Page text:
Some who spoke to the board also wondered what would happen if the City of Fort Calhoun began expanding and more people moved into the district. FCCS is required to teach students who live in the district if they want to attend, so city expansion, such as a new subdivision, could mean more district students. More district students could create space concerns, Fort Calhoun resident Josh Christensen said.
“Last year’s kindergarten enrollment was 44. This year that class is in the first grade. So, they have 54 kids in that class right now, so 10 people have moved into the district since that class originated,” Christensen said. “But what happens if 10 kids move into the district again? You have no room left in the school … the school has already shown you will max it in kindergarten. I just want to know where does that end? Where does that go to, ‘We have enough now’?”
During a January board meeting, Johnson said the district is in close contact with City of Fort Calhoun officials, so they are aware when new subdivisions will be built and can react accordingly. Since the 2008-09 school year, the district has seen a small rise of in-district students from 446 to 455. In that same time frame, the district has seen option-enrollment grow from 110 to over 210 students.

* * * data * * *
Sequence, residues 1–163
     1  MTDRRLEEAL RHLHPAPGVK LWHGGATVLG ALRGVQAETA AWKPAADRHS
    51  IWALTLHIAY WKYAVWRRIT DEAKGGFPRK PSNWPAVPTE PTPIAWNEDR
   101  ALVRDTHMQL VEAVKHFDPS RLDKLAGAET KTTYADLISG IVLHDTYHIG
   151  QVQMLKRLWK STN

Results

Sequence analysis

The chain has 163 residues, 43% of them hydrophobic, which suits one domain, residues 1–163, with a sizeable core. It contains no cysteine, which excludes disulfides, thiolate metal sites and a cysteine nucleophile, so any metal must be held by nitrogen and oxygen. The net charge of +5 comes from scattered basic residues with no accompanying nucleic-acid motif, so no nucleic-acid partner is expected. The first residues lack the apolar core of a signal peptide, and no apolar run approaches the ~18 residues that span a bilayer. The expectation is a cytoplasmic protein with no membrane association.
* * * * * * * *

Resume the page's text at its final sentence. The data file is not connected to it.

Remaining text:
Some parents and community members voiced support for the original motion.
"I think everybody wants what's best for the district, and from what I've heard, we want a reasonable path to get there," said Steve Dethlefs, who served on the board from 2004 to 2016. "I don't think anybody's complained about the position that the district is in and how we got there. Option enrollment is a very big part of that. I think it's gotta be part of the equation as we move forward and try to grow the district and into the 63 (students).”
Other parents were concerned their option-enrollment child could be denied entry if grade capacities weren’t increased even though they have a Fort Calhoun address.
Genoways said more than 60 percent of option-enrollment students’ parents may have a Fort Calhoun address, but live in a different school district or are children of school staff or city employees who live elsewhere, such as Omaha.
Part of FCCS’ district line ends north of Fort Calhoun where many families, like Sean Dennis’, live.
“I’ve got two kids opt-in right now (in FCCS), and my third child at the kindergarten age this coming year," Dennis said. "There’s a lot of discussion in my house (before the special meeting) thinking that some of the options that we have is to have two kids in this district and send one somewhere else, or do I just pull out altogether. Our oldest heard us talking about some of those options, and he was in tears at the thought of having to go to a different school. I guess the point I would like to make, is that families like ours, we’re already part of the community, and those that aren’t want to be.
“I understand district lines, but I don’t think you should define your town by an arbitrary line. I live in Fort Calhoun, that’s my address, just on the wrong side of the line…Option parents and option families are not just looking to swoop in, gobble up all this good education and leave. We’re here. I think there’s an argument to be made we’re less of a parasitic effect on the district than a benefit,” he said.